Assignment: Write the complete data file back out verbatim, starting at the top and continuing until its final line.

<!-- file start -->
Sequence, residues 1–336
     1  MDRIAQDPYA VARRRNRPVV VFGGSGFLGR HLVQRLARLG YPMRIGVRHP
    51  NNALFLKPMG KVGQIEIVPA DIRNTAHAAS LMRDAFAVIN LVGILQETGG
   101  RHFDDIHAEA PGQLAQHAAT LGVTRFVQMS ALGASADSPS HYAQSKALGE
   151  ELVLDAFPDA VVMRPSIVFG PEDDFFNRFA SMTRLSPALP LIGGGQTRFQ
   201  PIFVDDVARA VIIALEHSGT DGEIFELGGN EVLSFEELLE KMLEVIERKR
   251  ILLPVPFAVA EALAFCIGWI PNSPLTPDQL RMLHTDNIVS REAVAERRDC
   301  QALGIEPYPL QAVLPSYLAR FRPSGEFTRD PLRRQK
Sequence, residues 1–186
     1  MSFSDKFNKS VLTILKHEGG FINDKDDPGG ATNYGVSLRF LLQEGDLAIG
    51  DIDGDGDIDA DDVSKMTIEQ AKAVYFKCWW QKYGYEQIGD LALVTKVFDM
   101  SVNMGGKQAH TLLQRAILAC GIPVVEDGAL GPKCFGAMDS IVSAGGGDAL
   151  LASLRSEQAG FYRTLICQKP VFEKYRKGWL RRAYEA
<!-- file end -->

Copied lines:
Sequence, residues 1–336
     1  MDRIAQDPYA VARRRNRPVV VFGGSGFLGR HLVQRLARLG YPMRIGVRHP
    51  NNALFLKPMG KVGQIEIVPA DIRNTAHAAS LMRDAFAVIN LVGILQETGG
   101  RHFDDIHAEA PGQLAQHAAT LGVTRFVQMS ALGASADSPS HYAQSKALGE
   151  ELVLDAFPDA VVMRPSIVFG PEDDFFNRFA SMTRLSPALP LIGGGQTRFQ
   201  PIFVDDVARA VIIALEHSGT DGEIFELGGN EVLSFEELLE KMLEVIERKR
   251  ILLPVPFAVA EALAFCIGWI PNSPLTPDQL RMLHTDNIVS REAVAERRDC
   301  QALGIEPYPL QAVLPSYLAR FRPSGEFTRD PLRRQK
Sequence, residues 1–186
     1  MSFSDKFNKS VLTILKHEGG FINDKDDPGG ATNYGVSLRF LLQEGDLAIG
    51  DIDGDGDIDA DDVSKMTIEQ AKAVYFKCWW QKYGYEQIGD LALVTKVFDM
   101  SVNMGGKQAH TLLQRAILAC GIPVVEDGAL GPKCFGAMDS IVSAGGGDAL
   151  LASLRSEQAG FYRTLICQKP VFEKYRKGWL RRAYEA